A simple classification model for hospital mortality in patients with acute lung injury managed with lung protective ventilation

Lisa M Brown, Carolyn S. Calfee, Michael A. Matthay, Roy G. Brower, B. Taylor Thompson, William Checkley

Research output: Contribution to journalArticle

16 Citations (Scopus)

Abstract

Objective: Despite improvements in the care of critically ill patients, hospital mortality rate for acute lung injury remains high at approximately 40%. We developed a classification rule to stratify mechanically ventilated patients with acute lung injury according to hospital mortality and compared this rule with the Acute Physiology and Chronic Health Evaluation III prediction. Patients: We used data of 2,022 participants in Acute Respiratory Distress Syndrome Network trials to build a classification rule based on 54 variables collected before randomization. Design: We used a classification tree approach to stratify patients according to hospital mortality using a training subset of 1800 participants and estimated expected prediction errors using tenfold crossvalidation. We validated our classification tree using a subset of 222 participants not included in model building and calculated areas under the receiver operating characteristic curves. Measurements and Main Results: We identified combinations of age (>63 yrs), blood urea nitrogen (>15 mg/dL), shock, respiratory rate (>21 breaths/min), and minute ventilation (>13.9 L/min) as important predictors of hospital mortality at 90 days. The classification tree had a similar expected prediction error in the training set (28% vs. 26%; p = .18) and areas under the receiver operating characteristic curve in the validation set (0.71 vs. 0.73; p = .71) as did a model based on Acute Physiology and Chronic Health Evaluation III. Conclusions: Our tree-based classification rule performed similarly to Acute Physiology and Chronic Health Evaluation III in stratifying patients according to hospital mortality, is simpler to use, contains risk factors that may be specific to acute lung injury, and identified minute ventilation as a potential novel predictor of death in patients with acute lung injury.

Original languageEnglish (US)
Pages (from-to)2645-2651
Number of pages7
JournalCritical Care Medicine
Volume39
Issue number12
DOIs
StatePublished - Dec 2011
Externally publishedYes

Fingerprint

Acute Lung Injury
Hospital Mortality
Ventilation
Lung
APACHE
ROC Curve
Blood Urea Nitrogen
Adult Respiratory Distress Syndrome
Respiratory Rate
Random Allocation
Critical Illness
Shock
Mortality

Keywords

  • acute lung injury
  • classification
  • outcomes

ASJC Scopus subject areas

  • Critical Care and Intensive Care Medicine

Cite this

A simple classification model for hospital mortality in patients with acute lung injury managed with lung protective ventilation. / Brown, Lisa M; Calfee, Carolyn S.; Matthay, Michael A.; Brower, Roy G.; Thompson, B. Taylor; Checkley, William.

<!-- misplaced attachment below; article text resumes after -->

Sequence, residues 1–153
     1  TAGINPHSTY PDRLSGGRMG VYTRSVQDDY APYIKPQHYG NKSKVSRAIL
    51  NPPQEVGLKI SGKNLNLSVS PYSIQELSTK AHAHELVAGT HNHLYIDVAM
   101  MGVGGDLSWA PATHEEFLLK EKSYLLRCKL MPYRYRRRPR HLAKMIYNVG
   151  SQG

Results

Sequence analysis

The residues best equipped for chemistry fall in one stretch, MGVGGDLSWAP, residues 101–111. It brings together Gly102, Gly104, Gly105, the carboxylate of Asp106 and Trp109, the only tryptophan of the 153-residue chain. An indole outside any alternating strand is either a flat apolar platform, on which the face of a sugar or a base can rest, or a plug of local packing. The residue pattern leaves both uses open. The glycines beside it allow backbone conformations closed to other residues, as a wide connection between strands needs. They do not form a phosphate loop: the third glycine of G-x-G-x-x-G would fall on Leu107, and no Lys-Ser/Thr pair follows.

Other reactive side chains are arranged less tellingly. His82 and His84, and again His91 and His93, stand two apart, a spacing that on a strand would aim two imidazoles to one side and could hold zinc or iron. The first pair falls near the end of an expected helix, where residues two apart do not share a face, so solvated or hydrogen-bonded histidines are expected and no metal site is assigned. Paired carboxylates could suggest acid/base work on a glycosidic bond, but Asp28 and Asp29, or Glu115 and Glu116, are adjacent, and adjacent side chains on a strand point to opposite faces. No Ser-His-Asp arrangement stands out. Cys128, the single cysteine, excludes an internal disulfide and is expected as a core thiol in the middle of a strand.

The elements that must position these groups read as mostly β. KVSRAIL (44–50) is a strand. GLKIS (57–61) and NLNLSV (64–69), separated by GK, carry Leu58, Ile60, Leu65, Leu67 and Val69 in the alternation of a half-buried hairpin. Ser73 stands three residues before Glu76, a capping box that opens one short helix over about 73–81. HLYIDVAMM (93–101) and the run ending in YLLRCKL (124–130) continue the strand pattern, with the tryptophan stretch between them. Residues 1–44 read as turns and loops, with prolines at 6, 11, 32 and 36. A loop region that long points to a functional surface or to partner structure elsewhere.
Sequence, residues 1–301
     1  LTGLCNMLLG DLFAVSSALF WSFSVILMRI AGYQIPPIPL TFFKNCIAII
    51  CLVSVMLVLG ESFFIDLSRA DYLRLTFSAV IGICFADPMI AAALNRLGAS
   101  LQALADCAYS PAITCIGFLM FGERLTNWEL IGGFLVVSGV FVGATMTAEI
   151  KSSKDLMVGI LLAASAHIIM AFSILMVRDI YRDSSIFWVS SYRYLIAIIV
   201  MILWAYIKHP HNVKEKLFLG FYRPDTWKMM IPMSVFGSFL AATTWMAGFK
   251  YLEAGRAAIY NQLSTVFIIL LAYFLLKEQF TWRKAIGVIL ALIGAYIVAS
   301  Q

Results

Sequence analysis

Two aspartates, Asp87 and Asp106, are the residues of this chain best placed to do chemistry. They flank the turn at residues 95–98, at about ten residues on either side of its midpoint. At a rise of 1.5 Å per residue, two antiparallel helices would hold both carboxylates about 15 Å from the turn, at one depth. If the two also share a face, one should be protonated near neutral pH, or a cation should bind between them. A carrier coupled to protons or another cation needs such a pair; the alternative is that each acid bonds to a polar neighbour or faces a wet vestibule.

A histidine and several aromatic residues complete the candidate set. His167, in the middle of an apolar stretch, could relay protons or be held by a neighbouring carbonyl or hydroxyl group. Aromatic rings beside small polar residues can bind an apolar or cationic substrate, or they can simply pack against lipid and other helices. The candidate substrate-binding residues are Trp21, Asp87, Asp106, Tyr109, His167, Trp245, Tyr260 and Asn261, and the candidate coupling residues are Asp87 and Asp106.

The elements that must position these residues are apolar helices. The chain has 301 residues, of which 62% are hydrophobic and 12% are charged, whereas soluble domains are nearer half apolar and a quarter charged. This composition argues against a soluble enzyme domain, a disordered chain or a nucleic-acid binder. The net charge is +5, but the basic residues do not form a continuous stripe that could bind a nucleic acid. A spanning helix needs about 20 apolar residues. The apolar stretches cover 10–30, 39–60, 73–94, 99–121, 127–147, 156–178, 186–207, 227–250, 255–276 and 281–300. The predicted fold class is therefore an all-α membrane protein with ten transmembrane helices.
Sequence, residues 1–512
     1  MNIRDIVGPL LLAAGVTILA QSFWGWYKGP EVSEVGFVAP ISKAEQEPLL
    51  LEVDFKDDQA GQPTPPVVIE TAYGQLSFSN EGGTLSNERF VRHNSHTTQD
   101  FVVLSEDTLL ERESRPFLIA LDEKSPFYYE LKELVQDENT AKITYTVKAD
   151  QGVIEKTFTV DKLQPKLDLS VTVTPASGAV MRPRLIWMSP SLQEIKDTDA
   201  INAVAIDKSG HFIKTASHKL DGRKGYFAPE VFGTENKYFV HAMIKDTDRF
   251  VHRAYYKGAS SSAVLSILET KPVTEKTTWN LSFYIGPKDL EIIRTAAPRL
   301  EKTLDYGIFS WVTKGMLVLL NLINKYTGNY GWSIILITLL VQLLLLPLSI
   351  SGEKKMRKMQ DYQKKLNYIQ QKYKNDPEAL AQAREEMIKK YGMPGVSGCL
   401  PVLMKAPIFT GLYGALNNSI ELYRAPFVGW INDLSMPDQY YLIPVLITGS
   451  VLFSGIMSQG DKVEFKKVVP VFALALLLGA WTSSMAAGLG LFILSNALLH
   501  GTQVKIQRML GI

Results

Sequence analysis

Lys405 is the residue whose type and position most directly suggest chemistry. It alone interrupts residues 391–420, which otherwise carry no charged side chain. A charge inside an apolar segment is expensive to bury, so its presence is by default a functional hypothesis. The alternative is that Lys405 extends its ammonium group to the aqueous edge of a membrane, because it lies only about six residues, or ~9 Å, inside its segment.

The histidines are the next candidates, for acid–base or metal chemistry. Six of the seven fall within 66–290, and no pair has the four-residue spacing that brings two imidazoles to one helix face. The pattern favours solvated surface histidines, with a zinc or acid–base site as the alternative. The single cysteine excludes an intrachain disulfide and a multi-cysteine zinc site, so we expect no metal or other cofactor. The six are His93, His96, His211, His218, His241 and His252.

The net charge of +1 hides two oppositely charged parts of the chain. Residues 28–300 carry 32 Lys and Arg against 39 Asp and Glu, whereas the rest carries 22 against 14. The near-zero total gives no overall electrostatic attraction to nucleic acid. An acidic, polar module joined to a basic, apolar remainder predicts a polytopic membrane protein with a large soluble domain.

In: Critical Care Medicine, Vol. 39, No. 12, 12.2011, p. 2645-2651.

Research output: Contribution to journalArticle

Brown, Lisa M ; Calfee, Carolyn S. ; Matthay, Michael A. ; Brower, Roy G. ; Thompson, B. Taylor ; Checkley, William. / A simple classification model for hospital mortality in patients with acute lung injury managed with lung protective ventilation. In: Critical Care Medicine. 2011 ; Vol. 39, No. 12. pp. 2645-2651.
@article{f0351f151e394f6b8805cfc3de221ae1,
title = "A simple classification model for hospital mortality in patients with acute lung injury managed with lung protective ventilation",
abstract = "Objective: Despite improvements in the care of critically ill patients, hospital mortality rate for acute lung injury remains high at approximately 40{\%}. We developed a classification rule to stratify mechanically ventilated patients with acute lung injury according to hospital mortality and compared this rule with the Acute Physiology and Chronic Health Evaluation III prediction. Patients: We used data of 2,022 participants in Acute Respiratory Distress Syndrome Network trials to build a classification rule based on 54 variables collected before randomization. Design: We used a classification tree approach to stratify patients according to hospital mortality using a training subset of 1800 participants and estimated expected prediction errors using tenfold crossvalidation. We validated our classification tree using a subset of 222 participants not included in model building and calculated areas under the receiver operating characteristic curves. Measurements and Main Results: We identified combinations of age (>63 yrs), blood urea nitrogen (>15 mg/dL), shock, respiratory rate (>21 breaths/min), and minute ventilation (>13.9 L/min) as important predictors of hospital mortality at 90 days. The classification tree had a similar expected prediction error in the training set (28{\%} vs. 26{\%}; p = .18) and areas under the receiver operating characteristic curve in the validation set (0.71 vs. 0.73; p = .71) as did a model based on Acute Physiology and Chronic Health Evaluation III. Conclusions: Our tree-based classification rule performed similarly to Acute Physiology and Chronic Health Evaluation III in stratifying patients according to hospital mortality, is simpler to use, contains risk factors that may be specific to acute lung injury, and identified minute ventilation as a potential novel predictor of death in patients with acute lung injury.",